“These progressive nurse leaders represent the collective work at the systemic level that is necessary to address racism in nursing. Nursing is building a path forward in pursuit of becoming an antiracist profession. The overwhelming response by nursing programs and organizations across the United States validates the profound work that nurses are doing every day in complex systems to bring justice to structural and social determinants of health that impact where nurses learn, practice and serve the communities they partner with daily,” said Commission co-lead Daniela Vargas, MSN, MPH, MA-Bioethics, RN, PHN. “This is a pivotal step in building kinship and ensuring equity among all nurses, and it demonstrates a readiness to embark on transformative work that creates institutional, structural, and systemic changes needed in nursing and our communities right now. The Commission is committed to guiding true inclusion, diversity, and equity by moving into accountability with action.”

A national survey of over 5,600 nurses conducted by the Commission show that racism is an insidious problem within the profession. Nearly half of nurses agree there is 'a lot' of racism in nursing. The selected organizations will soon begin to develop and work to implement evidence-informed strategies, programs, and interventions aimed at dismantling institutional, structural, and systemic racism in nursing.

“The American Nurses Association is honored to present these funds to these inspiring programs who are taking deliberate action to truly dismantle racism within their respective initiatives and organizations,” said American Nurses Association President Jennifer Mensik Kennedy, PhD, MBA, RN, NEA-BC, FAAN. “Racism has inflicted damage on nurses of color and continues to mar the nursing profession. We have evidence of this through our research, surveys, and through the shared stories and experiences from nurses of color. These projects are a shining example of efforts to make incremental but meaningful progress for all nurses, and we are ready to see what progress is to unfold in the year ahead.”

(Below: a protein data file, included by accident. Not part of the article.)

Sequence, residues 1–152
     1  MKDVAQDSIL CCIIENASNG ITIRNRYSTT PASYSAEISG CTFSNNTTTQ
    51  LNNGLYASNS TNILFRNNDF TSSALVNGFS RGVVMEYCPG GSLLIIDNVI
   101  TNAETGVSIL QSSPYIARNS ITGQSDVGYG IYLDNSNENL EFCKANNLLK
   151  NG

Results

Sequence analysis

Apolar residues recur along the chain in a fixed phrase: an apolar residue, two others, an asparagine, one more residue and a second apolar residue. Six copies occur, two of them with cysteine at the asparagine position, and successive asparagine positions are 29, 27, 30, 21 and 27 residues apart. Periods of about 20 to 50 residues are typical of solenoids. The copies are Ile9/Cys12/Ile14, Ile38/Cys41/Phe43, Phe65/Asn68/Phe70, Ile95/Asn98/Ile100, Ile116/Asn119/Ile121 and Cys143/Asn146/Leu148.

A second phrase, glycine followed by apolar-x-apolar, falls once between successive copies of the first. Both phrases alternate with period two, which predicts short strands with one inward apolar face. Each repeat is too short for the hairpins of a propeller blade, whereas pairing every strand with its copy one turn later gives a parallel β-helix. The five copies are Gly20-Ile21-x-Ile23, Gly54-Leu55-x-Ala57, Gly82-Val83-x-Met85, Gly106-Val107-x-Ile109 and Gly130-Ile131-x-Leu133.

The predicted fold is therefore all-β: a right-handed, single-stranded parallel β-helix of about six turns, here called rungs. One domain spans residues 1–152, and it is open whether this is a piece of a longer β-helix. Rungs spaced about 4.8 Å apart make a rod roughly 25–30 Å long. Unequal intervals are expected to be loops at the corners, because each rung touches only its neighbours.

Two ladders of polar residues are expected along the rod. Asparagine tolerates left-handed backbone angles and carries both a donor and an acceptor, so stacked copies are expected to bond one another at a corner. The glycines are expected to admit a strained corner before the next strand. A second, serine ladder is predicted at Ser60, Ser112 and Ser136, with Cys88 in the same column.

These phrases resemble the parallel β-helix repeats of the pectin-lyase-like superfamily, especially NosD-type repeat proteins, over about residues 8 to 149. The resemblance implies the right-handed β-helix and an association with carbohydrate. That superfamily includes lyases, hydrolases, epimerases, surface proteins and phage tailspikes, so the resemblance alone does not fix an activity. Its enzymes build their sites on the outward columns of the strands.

For more information on the winners and to stay updated on regular program updates please visit Addressing Racism in the Nursing Profession | ANA (




The American Nurses Association (ANA) is the premier organization representing the interests of the nation's more than 5 million registered nurses. ANA advances the profession by fostering high standards of nursing practice, promoting a safe and ethical work environment, bolstering the health and wellness of nurses, and advocating on health care issues that affect nurses and the public. ANA is at the forefront of improving the quality of health care for all. For more information, visit


The National Commission to Address Racism in Nursing (the Commission) examines the persistent problem of racism within nursing and describes the impact on nurses, patients, communities, and health care systems to motivate all nurses to confront systemic racism. The work is urgent to create safe and liberating environments for all nurses as well as profession that exemplifies inclusivity, diversity, and equity. The Commission is comprised of leading nursing organizations that represent a broad continuum of nursing practice, ethnically diverse groups, nationally and in regions across the country and who have for years raised their individual voices to condemn all forms of racism within our society.